Build for HTML is also not an option. You don’t have access to many of the APIs through the browser and Apple has the sole control to decide which functionality they will expose.

  13. April 14, 2010 at 9:41 am

    I think you’re wrong on this one Don. I don’t have a problem with trying to keep junk out of the App store. I have a big problem with the clumsy way Apple’s trying to do it. Requiring that apps be “originally written” in a particular language is just silly. Even some of the new showcase iPad applications like “Elements” are in violation of this (they used Mathmatica for some of the design work) and it certainly doesn’t appear to be a problem.

    Many games use internal scripting languages like LUA to work in a higher level fashion. Those aren’t “originally written” in C so they’re out as well. Basically they’re disallowing modern software engineering practices like code generation and DSL’s (Domain Specific Languages).

    Larry O’Brien’s written some good articles about this: (http://www.knowing.net/index.php/2010/04/11/originally-written-in-vs-code-generation/ and http://www.knowing.net/index.php/2010/04/09/using-mathematica-to-generate-the-elements-ipad-app/)

    I don’t think Apple really cares about quality, I think they care about control. If quality was their biggest concern then you’d be able to sort App search results by customer rating so you’d see the best applications first. Instead they want to control it using the “Featured” list.

  14. John Friend
    April 14, 2010 at 9:42 am

    I’m not buying it. Bad developers write bad apps no matter what tools they use. Good developers write good apps no matter what tools they use. Good developers given a range of tools to choose from can do amazing things even faster. BTW, it’s the same with photographers and their tools.

    You guys at Smugmug chose to use Flash for your slideshows and get a link interface for a reason. It was the best solution you could find for the feature you wanted to build. So, how can you suddenly say that all flash is evil and Apple is to be commended for keeping it off their platforms when Smugmug is using it precisely because you could find no better option?

    I don’t buy that keeping flash off the iPad and iPhone is a customer friendly choice. Apple is making a political statement and making their customer’s sacrifice in order to make it.

  15. April 14, 2010 at 9:57 am

    I really have to disagree. Apple’s intentions are far from noble in this case. I suspect it has more to do with the hatred between Apple/Google (since Google recently penned an agreement with Adobe for Flash support in the Chrome/Android products, and a desire to kill Android as a competitive platform).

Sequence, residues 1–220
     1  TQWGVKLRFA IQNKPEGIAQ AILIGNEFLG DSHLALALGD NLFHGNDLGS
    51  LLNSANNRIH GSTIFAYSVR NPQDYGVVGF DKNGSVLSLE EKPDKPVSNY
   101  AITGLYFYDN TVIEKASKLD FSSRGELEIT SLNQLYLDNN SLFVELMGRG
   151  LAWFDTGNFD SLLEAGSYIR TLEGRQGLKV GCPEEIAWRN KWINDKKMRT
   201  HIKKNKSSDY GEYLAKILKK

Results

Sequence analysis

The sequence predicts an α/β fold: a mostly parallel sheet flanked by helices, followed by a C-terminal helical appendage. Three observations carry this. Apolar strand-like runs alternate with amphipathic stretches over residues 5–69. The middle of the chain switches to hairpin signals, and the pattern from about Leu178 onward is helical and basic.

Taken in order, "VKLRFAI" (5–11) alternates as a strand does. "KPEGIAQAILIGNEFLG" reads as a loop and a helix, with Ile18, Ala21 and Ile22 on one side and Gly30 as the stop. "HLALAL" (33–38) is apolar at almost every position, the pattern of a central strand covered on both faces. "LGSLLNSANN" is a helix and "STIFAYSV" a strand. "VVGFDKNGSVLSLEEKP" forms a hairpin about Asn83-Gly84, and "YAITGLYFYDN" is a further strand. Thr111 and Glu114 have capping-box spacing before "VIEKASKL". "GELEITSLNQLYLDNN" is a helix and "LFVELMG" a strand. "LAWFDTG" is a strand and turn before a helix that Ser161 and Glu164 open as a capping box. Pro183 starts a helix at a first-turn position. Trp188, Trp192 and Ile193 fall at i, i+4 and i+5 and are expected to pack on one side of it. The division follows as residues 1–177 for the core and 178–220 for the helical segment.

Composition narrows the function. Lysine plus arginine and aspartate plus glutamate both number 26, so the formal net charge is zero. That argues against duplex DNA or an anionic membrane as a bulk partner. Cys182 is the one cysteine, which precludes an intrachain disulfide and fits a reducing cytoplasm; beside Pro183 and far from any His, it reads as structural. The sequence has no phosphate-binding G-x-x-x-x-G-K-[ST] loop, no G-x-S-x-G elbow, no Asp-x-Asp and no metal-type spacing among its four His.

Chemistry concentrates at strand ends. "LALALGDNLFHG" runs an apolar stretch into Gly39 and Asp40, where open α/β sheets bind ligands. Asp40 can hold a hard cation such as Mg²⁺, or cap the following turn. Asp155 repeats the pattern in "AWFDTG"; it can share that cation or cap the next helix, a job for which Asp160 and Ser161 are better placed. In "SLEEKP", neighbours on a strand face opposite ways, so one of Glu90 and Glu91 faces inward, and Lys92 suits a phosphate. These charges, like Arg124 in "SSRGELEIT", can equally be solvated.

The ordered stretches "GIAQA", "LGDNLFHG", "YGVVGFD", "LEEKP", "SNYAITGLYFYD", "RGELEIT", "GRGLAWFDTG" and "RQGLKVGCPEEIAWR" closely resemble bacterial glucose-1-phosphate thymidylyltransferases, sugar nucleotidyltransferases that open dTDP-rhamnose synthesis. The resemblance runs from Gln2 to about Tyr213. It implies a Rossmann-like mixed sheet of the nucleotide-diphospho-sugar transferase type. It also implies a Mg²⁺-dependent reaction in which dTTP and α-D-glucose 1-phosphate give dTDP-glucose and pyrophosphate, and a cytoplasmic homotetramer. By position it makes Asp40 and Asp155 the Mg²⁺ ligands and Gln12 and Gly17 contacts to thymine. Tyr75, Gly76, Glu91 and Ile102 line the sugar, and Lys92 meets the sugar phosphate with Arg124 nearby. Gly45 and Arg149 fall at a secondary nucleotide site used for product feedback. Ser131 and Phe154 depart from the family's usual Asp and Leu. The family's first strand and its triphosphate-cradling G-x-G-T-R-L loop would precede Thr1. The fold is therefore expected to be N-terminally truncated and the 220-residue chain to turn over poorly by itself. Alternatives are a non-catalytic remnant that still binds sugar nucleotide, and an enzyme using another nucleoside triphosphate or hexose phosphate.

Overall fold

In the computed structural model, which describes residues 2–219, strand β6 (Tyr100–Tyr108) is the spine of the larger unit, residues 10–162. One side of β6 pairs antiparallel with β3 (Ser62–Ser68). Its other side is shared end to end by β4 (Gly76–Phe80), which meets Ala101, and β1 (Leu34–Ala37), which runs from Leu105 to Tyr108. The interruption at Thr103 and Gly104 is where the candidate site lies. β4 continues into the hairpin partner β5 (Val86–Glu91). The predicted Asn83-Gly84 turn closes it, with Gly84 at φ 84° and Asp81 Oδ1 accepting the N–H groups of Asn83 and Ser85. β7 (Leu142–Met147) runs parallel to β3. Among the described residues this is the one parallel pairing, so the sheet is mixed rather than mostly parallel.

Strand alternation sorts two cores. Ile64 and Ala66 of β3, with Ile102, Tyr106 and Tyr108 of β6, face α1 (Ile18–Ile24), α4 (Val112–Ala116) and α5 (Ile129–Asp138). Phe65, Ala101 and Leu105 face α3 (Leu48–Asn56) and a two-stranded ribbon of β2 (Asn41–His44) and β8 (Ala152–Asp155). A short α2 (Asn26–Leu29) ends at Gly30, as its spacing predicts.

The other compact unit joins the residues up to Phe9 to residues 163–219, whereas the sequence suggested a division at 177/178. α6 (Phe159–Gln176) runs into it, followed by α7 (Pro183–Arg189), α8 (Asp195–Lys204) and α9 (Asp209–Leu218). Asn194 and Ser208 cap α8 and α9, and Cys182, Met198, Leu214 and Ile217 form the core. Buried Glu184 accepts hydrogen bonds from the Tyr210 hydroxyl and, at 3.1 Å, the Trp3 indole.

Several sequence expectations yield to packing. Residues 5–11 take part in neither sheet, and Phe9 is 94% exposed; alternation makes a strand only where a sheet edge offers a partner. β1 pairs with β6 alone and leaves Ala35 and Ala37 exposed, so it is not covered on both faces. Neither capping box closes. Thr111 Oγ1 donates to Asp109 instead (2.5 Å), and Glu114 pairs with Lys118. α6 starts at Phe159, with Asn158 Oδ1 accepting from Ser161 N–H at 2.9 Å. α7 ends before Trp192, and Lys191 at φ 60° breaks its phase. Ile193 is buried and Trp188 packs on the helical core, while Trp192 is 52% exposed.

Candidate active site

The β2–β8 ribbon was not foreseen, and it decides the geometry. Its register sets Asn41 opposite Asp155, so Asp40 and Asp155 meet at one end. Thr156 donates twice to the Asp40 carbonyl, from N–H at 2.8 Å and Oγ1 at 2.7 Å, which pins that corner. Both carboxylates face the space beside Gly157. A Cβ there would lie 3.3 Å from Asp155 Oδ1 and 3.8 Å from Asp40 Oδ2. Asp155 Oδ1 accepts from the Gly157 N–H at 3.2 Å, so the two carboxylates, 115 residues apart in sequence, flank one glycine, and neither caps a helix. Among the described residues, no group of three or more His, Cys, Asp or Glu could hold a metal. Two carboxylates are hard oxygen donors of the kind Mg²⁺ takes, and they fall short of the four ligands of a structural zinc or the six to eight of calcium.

By disallowing cross-platform apps, Apple has made it harder to target software at multiple platforms in an easy way. Fine; you argue that by doing that, the quality on the Apple device will be better. Let’s assume that your argument is true for a moment. That by using the Apple SDK, suddenly quality products are produced. From Apple’s perspective, this inhibits development on platforms that have a smaller app store (like Android). From a business perspective, the logic has typically gone like this: I create software for a platform that has the largest user base.

    If I’m using a language that I can easily port to a less-popular user base, I might be able to expend 10% more energy on the app, to get a larger return on my investment by porting the app. But, if creating my app on another platform requires a re-write, I might be less inclined to create apps for it as my investment to return ratio might be lower than I’d hoped for. If lots of developers do that, then the “other” platform dies.

    This isn’t about language agnosticism, it’s about return on investment (ROI).

    Let’s go back to your contention that the Apple SDK will result in quality apps.. Using an SDK in and of itself does NOT equal quality. It’s a logical fallacy. By requiring an SDK, all you ensure is that apps are written against the SDK. Nothing more. The APPROVAL process is where you determine quality. So, by your logic, if Apple is convinced that the SDK usage will inevitably lead to high quality apps, why have an approval process? Logical conundrum?

    But, even if we buy the argument that the SDK usage is still, on whole, better than Flash, why not enforce the SDK requirements on EA? Apple certainly doesn’t mind that EA doesn’t use the Apple SDK to port their games. Likewise, apps like Line2 (written by Sean Kovacs) are allowed into the app store, while other apps (Google Voice) are not.